There are a large number of people in the country who are indifferent, careless, non-religious if you will, as regards any outward exhibition of religious devotion by attending at a place of worship, or in any other similar way, but every one of us who has had to do with parish work in England knows that these people are daily asking for ministration or counsel or help on the part of the clergy quite apart from the mere question of religious teaching. But from those who claim that kind of ministration on the part of the Church there must be deducted those who definitely claim religious ministration in other quarters, and we should know in a particular town or district or county or great area what number of people there were who might be distinctly regarded as those who do not want and do not use the ministrations of the Church as such. But when that deduction has been made, there will remain a huge number of persons who, as a matter of fact, while not returning themselves necessarily as members of the Church of England, will not return themselves as members of other denominations, and who, when they do not return themselves as belonging to other denominations, are practically left to such help, such counsel, and such guidance as in great crowded places is given daily by the clergy of the Church of England.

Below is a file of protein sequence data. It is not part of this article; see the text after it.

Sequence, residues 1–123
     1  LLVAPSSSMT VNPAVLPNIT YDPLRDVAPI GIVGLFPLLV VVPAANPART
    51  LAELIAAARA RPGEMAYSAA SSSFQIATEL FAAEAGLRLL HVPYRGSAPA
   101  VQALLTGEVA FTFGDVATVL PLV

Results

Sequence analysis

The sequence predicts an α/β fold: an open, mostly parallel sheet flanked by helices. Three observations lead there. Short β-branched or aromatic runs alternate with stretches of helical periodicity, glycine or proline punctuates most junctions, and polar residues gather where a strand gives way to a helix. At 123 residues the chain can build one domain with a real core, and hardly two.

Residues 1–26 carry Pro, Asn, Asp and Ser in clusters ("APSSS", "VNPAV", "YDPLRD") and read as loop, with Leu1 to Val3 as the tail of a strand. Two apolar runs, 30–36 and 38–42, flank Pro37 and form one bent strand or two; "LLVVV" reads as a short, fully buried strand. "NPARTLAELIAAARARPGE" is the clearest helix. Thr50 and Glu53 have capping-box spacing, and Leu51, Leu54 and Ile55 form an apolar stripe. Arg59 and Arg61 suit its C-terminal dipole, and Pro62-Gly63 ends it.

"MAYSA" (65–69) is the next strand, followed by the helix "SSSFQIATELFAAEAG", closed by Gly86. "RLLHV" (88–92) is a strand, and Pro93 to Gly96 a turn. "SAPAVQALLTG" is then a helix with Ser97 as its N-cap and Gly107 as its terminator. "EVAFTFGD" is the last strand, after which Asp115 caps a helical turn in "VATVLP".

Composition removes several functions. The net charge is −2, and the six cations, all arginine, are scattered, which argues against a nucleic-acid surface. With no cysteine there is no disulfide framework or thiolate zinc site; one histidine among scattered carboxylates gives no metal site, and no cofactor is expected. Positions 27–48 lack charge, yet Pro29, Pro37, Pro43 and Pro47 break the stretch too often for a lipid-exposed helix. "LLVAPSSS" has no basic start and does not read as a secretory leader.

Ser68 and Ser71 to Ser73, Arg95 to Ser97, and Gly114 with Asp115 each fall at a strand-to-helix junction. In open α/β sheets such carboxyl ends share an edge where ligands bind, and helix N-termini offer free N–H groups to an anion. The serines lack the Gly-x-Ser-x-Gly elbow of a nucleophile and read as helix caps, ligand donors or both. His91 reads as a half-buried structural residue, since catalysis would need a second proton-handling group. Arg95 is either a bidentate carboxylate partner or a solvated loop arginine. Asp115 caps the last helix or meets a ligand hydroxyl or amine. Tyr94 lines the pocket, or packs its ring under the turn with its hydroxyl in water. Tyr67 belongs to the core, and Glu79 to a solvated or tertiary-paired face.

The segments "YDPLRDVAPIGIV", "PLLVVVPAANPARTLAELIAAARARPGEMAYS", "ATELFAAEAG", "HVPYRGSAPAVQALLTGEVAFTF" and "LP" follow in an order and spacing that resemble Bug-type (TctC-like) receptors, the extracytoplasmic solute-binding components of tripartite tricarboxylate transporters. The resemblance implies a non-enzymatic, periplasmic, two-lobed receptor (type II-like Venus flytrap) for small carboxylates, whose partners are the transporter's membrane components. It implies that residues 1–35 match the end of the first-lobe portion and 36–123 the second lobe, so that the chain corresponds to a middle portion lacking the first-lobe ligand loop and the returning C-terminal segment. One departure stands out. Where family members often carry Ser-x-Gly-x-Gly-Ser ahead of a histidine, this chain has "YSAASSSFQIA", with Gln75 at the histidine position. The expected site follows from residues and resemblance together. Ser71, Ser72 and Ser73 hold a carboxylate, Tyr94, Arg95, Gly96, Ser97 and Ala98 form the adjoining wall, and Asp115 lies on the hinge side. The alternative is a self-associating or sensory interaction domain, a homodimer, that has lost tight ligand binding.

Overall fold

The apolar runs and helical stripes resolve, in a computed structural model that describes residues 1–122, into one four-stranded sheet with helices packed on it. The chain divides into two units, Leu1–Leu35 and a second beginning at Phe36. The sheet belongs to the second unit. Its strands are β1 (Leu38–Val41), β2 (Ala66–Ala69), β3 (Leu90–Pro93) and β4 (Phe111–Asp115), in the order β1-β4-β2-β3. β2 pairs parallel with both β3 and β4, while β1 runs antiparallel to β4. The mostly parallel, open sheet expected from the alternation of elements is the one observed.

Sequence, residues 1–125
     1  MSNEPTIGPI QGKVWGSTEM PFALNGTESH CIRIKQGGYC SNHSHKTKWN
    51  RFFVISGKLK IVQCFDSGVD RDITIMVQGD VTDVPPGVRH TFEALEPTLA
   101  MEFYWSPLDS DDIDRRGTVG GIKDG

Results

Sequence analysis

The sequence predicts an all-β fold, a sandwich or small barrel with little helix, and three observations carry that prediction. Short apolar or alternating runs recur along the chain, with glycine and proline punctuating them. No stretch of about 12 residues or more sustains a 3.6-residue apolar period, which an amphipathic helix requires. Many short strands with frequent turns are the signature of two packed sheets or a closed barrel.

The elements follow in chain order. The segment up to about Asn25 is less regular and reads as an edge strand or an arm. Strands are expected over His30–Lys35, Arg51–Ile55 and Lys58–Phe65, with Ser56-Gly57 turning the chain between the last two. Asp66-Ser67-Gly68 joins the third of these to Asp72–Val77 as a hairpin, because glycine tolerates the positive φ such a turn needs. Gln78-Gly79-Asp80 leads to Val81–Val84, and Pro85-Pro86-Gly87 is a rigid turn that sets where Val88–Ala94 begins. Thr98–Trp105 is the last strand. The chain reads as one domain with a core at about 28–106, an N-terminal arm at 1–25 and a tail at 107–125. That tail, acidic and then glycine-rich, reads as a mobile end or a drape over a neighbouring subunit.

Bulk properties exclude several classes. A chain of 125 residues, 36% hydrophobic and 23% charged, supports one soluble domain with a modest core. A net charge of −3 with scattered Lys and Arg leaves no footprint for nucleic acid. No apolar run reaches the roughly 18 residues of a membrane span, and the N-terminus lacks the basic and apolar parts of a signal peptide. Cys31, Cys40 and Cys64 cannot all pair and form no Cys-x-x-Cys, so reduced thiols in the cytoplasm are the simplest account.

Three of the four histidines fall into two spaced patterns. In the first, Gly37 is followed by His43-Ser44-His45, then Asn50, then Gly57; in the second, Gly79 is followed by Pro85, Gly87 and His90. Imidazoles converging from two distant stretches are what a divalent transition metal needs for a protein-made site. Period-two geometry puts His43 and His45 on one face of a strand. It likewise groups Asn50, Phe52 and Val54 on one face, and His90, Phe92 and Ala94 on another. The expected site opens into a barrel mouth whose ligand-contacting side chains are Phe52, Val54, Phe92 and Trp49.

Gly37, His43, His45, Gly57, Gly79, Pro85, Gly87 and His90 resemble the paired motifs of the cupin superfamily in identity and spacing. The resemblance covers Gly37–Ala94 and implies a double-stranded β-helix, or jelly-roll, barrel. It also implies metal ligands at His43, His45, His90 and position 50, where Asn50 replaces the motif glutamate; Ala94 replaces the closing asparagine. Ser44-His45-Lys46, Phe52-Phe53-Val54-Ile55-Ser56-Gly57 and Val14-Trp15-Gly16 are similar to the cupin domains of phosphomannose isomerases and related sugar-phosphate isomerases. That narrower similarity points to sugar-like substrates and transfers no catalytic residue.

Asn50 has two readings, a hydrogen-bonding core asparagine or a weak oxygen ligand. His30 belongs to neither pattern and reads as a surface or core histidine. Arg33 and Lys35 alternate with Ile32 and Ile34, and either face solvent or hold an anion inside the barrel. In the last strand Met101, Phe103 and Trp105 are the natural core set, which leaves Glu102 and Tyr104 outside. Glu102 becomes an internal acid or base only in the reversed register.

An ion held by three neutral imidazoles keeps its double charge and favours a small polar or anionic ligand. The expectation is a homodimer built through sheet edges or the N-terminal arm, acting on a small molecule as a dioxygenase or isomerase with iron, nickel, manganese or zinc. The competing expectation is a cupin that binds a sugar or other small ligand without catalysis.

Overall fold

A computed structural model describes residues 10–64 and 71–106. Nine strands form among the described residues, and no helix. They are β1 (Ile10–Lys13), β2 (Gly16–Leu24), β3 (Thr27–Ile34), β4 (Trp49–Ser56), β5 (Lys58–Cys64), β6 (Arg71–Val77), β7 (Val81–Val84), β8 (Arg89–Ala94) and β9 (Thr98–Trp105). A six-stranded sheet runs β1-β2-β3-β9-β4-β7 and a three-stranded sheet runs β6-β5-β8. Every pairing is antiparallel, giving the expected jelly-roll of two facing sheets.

It was my privilege to work for some years in the Bishopric of Rochester, which included the whole of South London, and. there the proportion was something like ten or twelve resident clergy for one resident Nonconformist minister. These resident clergy are men who are working day in and day out, and what we want to know is what number of people there are in a neighbourhood who because they are firmly attached to other denominations do not want the kind of help, secular as well as sacred, which is given by the clergy. Those sort of statistics would be of the greatest possible value, not perhaps to the nation, but to the religious bodies themselves, whether Church or Nonconformist. Therefore I urge the expediency of accepting the Amendment, not because of its value to the nation or its Blue-book statistics, but for its value to the religious work of the country both Church and Nonconformist. I think great help would be derived from the possession of such figures, and it does seem to me strange that so reasonable a request should be declined.